• punch one's ticket

    • 1informal Deliberately undertake particular assignments that are likely to lead to promotion at work.

      • ‘He had punched his ticket as a climbing Sherpa, but the next challenge was to make his mark on Everest.’
      • ‘The Cardinals have a manager who has punched his ticket to the Hall of Fame; the Astros have one who finally has proved what he can do when he has enough good players.’
      • ‘The Bucs still have tough games against New England and Atlanta before they can punch their ticket to the play-offs.’
      • ‘War Chant punched his ticket to the Kentucky Derby when he won the San Rafael Stakes and was second in the Santa Anita Derby.’
      • ‘Reba's Gold punched his ticket to Japan with a win in the Steinlen Handicap on November 10.’
      • ‘Last Sunday, the Terrapins punched their ticket to an eleventh straight NCAA tournament with an uninspiring, painful to watch victory over a mediocre University of Virginia team.’
      • ‘After a mediocre regular season saw them finish at 12-8, the Golden Bears ripped off an impressive post-season run to punch their ticket for the big dance with the Canada West championship.’
      • ‘Johannesburg kept his record perfect and punched his ticket for the Breeders' Cup Juvenile later this month.’
      • ‘He punched his ticket to the classics with a 3 3/4-length win in the Arkansas Derby but was eased three weeks later in the Kentucky Derby.’
      • ‘That's not to say some big names weren't still looking to punch their ticket to 2004-05.’
      1. 1.1(in sports) ensure one's progress to a further contest or tournament.
        ‘in scoring 13 points, they punched their ticket to the Super Bowl in Jacksonville’
        • ‘If the season hasn't already punched his ticket to Cooperstown, N.Y., then a third MVP Award certainly would guarantee his place in the Hall of Fame.’
        • ‘At 39, he probably has punched his ticket to Cooperstown with a résumé that includes 2,639 hits, 564 doubles and 1,603 runs.’
        • ‘These are the kinds of things that would punch my ticket to either the Puget Sound or Silicon Valley.’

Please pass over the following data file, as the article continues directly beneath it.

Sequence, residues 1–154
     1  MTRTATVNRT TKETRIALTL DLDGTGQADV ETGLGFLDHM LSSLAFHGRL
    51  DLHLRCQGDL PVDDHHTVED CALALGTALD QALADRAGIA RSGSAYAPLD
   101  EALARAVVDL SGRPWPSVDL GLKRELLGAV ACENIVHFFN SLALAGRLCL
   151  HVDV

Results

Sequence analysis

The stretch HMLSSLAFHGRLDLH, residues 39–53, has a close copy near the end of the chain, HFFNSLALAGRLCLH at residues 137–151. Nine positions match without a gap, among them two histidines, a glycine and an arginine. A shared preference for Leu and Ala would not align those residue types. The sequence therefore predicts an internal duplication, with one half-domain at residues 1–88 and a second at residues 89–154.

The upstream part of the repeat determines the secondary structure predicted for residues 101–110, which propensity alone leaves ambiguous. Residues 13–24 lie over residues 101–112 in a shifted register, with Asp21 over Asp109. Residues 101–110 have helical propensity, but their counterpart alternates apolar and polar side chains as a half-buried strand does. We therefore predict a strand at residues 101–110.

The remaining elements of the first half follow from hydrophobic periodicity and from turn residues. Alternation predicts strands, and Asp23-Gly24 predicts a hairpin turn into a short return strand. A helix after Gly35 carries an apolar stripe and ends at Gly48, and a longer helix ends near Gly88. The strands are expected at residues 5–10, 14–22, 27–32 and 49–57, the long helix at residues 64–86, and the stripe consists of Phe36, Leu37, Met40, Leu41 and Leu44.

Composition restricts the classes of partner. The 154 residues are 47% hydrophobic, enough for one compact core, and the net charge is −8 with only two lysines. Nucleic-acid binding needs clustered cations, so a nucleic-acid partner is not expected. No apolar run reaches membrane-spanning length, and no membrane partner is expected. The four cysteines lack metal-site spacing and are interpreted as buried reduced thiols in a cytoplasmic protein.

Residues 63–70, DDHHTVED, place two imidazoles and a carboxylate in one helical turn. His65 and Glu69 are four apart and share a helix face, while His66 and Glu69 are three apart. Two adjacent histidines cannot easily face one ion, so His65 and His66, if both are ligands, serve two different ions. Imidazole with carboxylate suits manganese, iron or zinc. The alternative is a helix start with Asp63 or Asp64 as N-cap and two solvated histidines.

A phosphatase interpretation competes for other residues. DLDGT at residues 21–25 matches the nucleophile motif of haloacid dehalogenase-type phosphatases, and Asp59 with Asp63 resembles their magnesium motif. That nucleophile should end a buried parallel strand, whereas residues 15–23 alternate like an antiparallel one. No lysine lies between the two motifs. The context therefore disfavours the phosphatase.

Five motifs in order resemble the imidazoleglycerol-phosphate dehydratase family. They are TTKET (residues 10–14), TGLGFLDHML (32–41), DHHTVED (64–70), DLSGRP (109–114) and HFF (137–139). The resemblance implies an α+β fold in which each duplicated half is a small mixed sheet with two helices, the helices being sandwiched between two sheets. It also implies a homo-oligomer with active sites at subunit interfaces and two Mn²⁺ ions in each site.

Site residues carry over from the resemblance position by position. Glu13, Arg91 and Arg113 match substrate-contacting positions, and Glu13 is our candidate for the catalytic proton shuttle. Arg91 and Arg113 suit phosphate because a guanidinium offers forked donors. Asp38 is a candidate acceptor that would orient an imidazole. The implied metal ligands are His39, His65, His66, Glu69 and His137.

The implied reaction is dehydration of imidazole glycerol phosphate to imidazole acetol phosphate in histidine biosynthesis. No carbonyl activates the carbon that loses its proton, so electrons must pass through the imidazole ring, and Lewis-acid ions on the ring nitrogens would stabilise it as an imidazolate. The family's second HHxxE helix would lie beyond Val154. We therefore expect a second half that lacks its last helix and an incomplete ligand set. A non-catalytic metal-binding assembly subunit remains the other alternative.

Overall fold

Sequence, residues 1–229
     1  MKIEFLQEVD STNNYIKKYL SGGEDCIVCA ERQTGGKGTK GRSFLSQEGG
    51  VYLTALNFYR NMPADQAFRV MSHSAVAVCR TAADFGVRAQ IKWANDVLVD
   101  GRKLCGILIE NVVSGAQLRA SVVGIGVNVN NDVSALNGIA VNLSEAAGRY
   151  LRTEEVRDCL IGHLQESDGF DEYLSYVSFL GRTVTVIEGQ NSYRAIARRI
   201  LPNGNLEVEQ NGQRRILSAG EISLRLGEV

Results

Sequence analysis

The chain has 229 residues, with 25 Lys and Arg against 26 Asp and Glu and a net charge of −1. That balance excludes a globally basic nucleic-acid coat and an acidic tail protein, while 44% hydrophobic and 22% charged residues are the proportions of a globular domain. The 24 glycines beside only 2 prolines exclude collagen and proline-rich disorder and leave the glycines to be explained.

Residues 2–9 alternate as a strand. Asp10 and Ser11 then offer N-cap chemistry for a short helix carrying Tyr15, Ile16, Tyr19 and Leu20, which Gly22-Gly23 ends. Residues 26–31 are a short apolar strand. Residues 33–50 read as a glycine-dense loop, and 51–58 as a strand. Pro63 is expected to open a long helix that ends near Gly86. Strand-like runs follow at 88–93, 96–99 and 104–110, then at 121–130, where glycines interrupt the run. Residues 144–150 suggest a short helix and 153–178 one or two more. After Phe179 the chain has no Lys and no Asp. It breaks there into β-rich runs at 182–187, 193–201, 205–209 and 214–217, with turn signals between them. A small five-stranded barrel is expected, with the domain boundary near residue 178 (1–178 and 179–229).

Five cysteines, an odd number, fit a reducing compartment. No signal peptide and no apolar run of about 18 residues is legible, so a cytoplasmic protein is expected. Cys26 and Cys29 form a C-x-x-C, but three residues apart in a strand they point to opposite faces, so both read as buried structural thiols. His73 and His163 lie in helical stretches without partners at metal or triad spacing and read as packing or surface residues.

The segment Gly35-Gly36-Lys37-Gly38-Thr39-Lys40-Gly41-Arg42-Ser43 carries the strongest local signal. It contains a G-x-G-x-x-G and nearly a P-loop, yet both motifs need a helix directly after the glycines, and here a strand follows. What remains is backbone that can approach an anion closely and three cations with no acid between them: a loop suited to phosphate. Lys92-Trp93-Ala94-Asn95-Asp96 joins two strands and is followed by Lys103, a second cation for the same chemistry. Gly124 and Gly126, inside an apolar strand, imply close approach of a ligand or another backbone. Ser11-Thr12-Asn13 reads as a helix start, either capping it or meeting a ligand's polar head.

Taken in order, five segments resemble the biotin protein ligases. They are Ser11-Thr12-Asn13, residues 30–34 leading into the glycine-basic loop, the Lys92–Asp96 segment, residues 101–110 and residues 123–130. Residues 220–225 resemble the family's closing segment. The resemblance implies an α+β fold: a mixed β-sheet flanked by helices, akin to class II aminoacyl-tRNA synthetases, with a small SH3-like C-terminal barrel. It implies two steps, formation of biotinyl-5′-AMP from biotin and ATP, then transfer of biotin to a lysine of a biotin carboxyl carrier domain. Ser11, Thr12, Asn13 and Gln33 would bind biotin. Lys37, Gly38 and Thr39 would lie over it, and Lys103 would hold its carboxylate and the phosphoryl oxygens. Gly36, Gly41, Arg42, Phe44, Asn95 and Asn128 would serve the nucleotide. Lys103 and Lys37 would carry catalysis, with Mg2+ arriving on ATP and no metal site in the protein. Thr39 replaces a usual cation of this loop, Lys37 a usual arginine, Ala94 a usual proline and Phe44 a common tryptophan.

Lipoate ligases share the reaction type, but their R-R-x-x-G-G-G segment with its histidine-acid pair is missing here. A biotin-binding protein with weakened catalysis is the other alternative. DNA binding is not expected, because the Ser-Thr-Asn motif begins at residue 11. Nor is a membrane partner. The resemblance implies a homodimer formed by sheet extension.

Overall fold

• ‘Well, the Democrats finally punched their ticket and surprise, surprise, it's the Johns: Kerry and Edwards.’
        • ‘Folklore did not waffle in her response, delivering a 14-length knockout of six other rivals to punch her ticket to the Breeders Cup Juvenile Fillies on Saturday.’
        • ‘That's not to say some big names weren't still looking to punch their ticket to 2004-05.’
        • ‘I find it to be a filthy and disgusting act, and ultimately a way for people to punch their ticket for an eternity in hell.’
        • ‘Last year the Saints had to sneak into the B.C.s via the back-door but would rather punch their ticket more easily this time out.’
        • ‘Last Sunday, the Terrapins punched their ticket to an eleventh straight NCAA tournament with an uninspiring, painful to watch victory over a mediocre University of Virginia team.’
        • ‘The Bucs still have tough games against New England and Atlanta before they can punch their ticket to the playoffs.’
  • write one's (own) ticket

    • informal Dictate one's own terms.

      • ‘He'd been in Recruitment for a while now, everyone in-house knew it was the fast-track, if you did well you could write your own ticket to a good position anywhere.’
      • ‘It will not take artists long to determine that they can write their own ticket in this world and eventually restructure their contracts with their record companies to give them more money per download.’
      • ‘They have such awesome purchasing power that they write their own ticket.’
      • ‘After a decade of being able to practically write their own ticket, American workers have found they are no longer in the driver's seat.’
      • ‘I'm hoping to have a good year and write my own ticket, pave my own way next year.’
      • ‘It seems the porky guard's brother-in-law can pull strings on the parole board, and good boxers can write their ticket to an early parole.’
      • ‘Following his successful career as a stand-up comedian and a stint on Saturday Night Live, Murphy practically wrote his own ticket for success.’
      • ‘I believe that you write your own ticket, and that you prepare yourself for the kind of life you want to lead (whether or not you ultimately live up to that, is also your choice).’
      • ‘She continues, ‘A minority with the above credentials can write their own ticket.’’
      • ‘They are the rare exceptions who were able to write their own ticket!’

Origin

Early 16th century (in the general senses ‘short written note’ and ‘a license or permit’): shortening of obsolete French étiquet, from Old French estiquet(te), from estiquier ‘to fix’, from Middle Dutch steken. Compare with etiquette.

Pronunciation

ticket

/ˈtikit//ˈtɪkɪt/